MPs will vote on Theresa May's Brexit deal 'before 21 January'


May's abrupt move less than 30 hours before parliament was to vote opens up a range of possibilities from a Brexit without a deal, a last-minute agreement or another European Union referendum, the news agency said.

EU leaders have insisted that the backstop can not be taken out of the deal, but May is sure to seek flexibility on this from her European partners.

German Chancellor Angela Merkel had a stark message for Theresa May on Tuesday: The Brexit deal can not be renegotiated.

May is expected to face a leadership battle over the House of Commons' vote on the Brexit deal, as 48 no-confidence letters against May from members of her ruling Conservative Party could prompt her defeat, Sputnik previously reported.

He said: 'The government is in disarray, uncertainty is building, uncertainty is building for business, people are in despair at the state of these failed negotiations and concerned about what it means for their jobs and communities - and the fault of that lies exclusively at the door of this shambolic government'.

A spokesman for Tusk said the timing of the meeting, which will come on the first day of a planned European Council summit, was still to be determined.

The backstop would see the entire United Kingdom kept within a customs union with the EU for an indefinite period of time, which Brexiteers argue could trap Britain into abiding by EU rules and making financial contributions forever.

May plans to travel to Dublin on Wednesday to continue her whirlwind tour to rescue her Brexit deal.

However, Irish Prime Minister Leo Varadkar said it was not possible to renegotiate the Irish border backstop proposal without "opening up all aspects" of the Brexit withdrawal agreement.

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"It's been evident for weeks that the Prime Minister's deal did not have confidence of this House yet she plowed on regardless, reiterating "this is the only deal available", Corbyn said.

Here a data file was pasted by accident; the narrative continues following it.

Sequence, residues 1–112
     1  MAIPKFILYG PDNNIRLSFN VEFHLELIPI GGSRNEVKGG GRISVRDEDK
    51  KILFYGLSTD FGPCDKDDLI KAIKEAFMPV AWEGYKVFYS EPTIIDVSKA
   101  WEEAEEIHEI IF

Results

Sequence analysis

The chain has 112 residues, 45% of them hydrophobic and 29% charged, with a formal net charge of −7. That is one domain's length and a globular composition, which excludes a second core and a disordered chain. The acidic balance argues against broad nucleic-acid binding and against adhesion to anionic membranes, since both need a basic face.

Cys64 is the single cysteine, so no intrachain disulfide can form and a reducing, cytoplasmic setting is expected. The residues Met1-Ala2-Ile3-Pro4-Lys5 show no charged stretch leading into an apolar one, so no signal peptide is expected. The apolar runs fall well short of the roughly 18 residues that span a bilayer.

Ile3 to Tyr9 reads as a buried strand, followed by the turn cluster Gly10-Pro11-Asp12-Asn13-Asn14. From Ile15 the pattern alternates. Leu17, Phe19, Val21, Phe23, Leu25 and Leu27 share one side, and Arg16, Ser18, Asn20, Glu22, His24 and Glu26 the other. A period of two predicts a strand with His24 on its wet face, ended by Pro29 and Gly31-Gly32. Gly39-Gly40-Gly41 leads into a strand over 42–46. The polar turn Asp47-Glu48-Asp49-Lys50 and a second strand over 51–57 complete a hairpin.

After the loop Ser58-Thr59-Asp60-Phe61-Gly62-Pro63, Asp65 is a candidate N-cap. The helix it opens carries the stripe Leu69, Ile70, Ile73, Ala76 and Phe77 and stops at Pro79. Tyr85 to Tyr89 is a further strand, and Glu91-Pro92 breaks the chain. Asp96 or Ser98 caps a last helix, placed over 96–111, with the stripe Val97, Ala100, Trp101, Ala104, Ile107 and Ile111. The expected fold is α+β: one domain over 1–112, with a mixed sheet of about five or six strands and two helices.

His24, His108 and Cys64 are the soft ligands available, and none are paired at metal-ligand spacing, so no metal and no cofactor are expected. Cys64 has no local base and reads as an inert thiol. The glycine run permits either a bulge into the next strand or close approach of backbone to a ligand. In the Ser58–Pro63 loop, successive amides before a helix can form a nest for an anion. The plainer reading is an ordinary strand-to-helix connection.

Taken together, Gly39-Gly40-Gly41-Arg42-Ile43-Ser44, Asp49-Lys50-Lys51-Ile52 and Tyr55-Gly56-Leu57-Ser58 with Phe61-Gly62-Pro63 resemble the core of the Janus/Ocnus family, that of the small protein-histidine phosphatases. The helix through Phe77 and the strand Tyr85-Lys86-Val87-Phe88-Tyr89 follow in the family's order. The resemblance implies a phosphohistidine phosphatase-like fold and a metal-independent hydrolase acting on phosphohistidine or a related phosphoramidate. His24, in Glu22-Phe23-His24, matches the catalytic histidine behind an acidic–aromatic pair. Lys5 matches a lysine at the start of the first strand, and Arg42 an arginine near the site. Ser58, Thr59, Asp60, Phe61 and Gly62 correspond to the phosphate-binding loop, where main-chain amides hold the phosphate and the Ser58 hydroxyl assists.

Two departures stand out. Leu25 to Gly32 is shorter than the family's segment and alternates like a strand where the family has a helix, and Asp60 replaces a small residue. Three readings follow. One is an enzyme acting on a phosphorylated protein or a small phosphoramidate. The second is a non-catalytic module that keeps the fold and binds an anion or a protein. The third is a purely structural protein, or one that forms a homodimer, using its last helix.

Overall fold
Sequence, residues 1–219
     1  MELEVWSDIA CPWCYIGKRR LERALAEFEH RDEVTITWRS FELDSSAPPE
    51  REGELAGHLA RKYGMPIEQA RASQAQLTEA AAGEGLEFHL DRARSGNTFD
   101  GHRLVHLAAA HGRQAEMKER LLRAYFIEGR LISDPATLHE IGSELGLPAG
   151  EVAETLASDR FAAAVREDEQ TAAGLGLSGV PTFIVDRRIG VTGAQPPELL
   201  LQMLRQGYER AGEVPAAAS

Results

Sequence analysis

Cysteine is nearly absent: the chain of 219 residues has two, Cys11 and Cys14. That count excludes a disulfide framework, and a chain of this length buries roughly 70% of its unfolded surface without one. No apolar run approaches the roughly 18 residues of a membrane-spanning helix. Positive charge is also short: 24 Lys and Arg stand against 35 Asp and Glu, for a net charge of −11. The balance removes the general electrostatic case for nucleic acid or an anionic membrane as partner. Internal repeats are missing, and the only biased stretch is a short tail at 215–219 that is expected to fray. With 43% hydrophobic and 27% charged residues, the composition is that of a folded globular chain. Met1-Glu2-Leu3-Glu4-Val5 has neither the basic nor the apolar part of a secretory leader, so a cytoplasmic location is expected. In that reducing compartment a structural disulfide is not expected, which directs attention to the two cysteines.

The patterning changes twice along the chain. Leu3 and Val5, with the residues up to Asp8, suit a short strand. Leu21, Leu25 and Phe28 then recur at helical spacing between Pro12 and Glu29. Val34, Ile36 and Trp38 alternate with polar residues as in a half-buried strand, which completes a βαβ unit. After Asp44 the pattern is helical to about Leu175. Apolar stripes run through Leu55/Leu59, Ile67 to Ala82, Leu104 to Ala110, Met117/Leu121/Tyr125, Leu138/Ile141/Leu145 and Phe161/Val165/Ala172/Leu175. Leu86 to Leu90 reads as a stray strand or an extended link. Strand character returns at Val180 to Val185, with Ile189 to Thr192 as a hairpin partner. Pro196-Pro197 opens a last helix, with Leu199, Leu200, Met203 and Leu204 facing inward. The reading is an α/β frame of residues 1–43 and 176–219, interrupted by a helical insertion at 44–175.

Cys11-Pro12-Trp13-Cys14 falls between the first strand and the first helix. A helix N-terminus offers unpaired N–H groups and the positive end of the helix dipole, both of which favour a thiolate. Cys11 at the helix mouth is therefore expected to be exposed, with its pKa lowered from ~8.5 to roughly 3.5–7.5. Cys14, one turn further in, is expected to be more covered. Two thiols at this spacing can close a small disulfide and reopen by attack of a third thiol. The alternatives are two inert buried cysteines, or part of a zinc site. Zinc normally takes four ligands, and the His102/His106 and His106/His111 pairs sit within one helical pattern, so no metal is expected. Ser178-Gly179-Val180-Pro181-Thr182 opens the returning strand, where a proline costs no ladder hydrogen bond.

Mrs May told the Dutch PM that "additional assurances" would be needed on the backstop arrangement to keep the Irish border open after Brexit if the deal was to get through Parliament.

British Prime Minister Theresa May (L) and European commission President Jean-Claude Juncker (R) prior to a meeting in Brussels. "Everyone has to know that the Withdrawal Agreement will not be reopened".

"For as long as we fail to agree a deal, the risk of an accidental no deal increases", she told MPs.

"We are now actively, not only preparing for that, but taking actions to ensure that if necessary we will be ready on March 29 for Britain to leave the European Union without a deal", Mr Coveney told Irish national broadcaster RTE, adding that he still thought a no-deal Brexit was unlikely.

"I imagine they'll add some language saying that both sides remain convinced that we'll never need to use the backstop", he told AFP.

"The government has lost control of events and is in complete disarray", said opposition leader Jeremy Corbyn.

May said the broader question was whether parliament wanted to deliver on the will of the people for Brexit, or open up the divisions in the world's fifth largest economy with another referendum.

He added: "I have no difficulty with statements that clarify what's in the withdrawal agreement but no statement of clarification can contradict what's in the withdrawal agreement".